There are no differences of feta cheeses made in Australia or Greece at first glance,but the European Union would not agree.
On Tuesday, The Australian Department of Commerce released a list of 408 products - 172 foods and 236 alcoholic beverages - that the EU wants to protect by geographical indications (GIs) as part of a trade agreement between Australia and the EU. These include feta cheese, groyere, manchego cheese, bleu d'Auvergne cheese, cantaloupe, gorgonzola, roquefort, Nuremberg sausages and Scottish beef.
Australian Trade Minister Simon Birmingham said that country does not like the idea of geographical indications, but it is an negotiable element with the European Union. In a statement, he said government consultations with farmers would help them to better understand the views of the Australian industry, which would help them discuss with the EU why their requested about protection of certain conditions would not be acceptable in some cases.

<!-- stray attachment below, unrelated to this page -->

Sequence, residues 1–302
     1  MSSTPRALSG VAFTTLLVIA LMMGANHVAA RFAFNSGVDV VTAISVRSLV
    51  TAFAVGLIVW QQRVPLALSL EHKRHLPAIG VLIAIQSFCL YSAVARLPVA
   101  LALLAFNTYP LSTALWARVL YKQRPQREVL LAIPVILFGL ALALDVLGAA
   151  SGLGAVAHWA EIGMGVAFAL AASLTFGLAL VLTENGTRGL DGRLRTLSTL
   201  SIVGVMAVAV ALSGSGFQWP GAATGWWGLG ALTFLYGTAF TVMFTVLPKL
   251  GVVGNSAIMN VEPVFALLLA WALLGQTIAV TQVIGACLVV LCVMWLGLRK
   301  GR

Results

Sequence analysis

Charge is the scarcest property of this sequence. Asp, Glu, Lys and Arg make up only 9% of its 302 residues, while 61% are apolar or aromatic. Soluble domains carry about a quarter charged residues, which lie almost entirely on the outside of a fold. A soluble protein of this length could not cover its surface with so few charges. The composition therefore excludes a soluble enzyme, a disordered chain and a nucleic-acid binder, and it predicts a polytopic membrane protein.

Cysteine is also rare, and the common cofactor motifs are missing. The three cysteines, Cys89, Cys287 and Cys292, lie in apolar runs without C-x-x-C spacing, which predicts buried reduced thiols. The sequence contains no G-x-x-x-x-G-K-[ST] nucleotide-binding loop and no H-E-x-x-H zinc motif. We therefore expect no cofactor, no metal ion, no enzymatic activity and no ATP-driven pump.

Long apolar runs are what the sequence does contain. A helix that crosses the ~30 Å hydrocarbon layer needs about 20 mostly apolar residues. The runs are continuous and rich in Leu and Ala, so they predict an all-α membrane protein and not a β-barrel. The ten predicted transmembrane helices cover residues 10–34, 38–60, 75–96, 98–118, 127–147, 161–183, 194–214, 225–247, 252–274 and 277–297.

He believes that there are huge opportunities for Australian farmers and businesses if they can help improve their access to markets across the EU, as the old continent has more than 500 million consumers. Australia is ultimately only in agreement if it is in the overall interest of Australia.
GIs confirm that the product is manufactured at a specific place of origin, in accordance with certain quality requirements. This quality mark - which can be acquired by the EU for up to four years - allows manufacturers to sell their product as a premium and protect them from other manufacturers who use the name but do not meet the required requirements.
Australian cheese makers will continue to be able to produce camembert and brie - known worldwide as French - with EU GIs "Camembert de Normandie" and "Brie de Meaux”.